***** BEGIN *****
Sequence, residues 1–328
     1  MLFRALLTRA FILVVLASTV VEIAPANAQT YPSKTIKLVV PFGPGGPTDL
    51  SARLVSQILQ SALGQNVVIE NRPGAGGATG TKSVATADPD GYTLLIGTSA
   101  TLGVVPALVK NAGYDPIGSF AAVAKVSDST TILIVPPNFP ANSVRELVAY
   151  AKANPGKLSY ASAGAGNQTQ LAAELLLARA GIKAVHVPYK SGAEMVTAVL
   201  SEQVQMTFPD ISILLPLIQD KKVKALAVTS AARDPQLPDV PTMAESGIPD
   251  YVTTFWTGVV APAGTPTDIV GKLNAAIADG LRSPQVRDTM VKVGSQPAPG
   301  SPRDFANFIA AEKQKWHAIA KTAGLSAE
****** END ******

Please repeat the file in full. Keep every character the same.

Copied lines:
Sequence, residues 1–328
     1  MLFRALLTRA FILVVLASTV VEIAPANAQT YPSKTIKLVV PFGPGGPTDL
    51  SARLVSQILQ SALGQNVVIE NRPGAGGATG TKSVATADPD GYTLLIGTSA
   101  TLGVVPALVK NAGYDPIGSF AAVAKVSDST TILIVPPNFP ANSVRELVAY
   151  AKANPGKLSY ASAGAGNQTQ LAAELLLARA GIKAVHVPYK SGAEMVTAVL
   201  SEQVQMTFPD ISILLPLIQD KKVKALAVTS AARDPQLPDV PTMAESGIPD
   251  YVTTFWTGVV APAGTPTDIV GKLNAAIADG LRSPQVRDTM VKVGSQPAPG
   301  SPRDFANFIA AEKQKWHAIA KTAGLSAE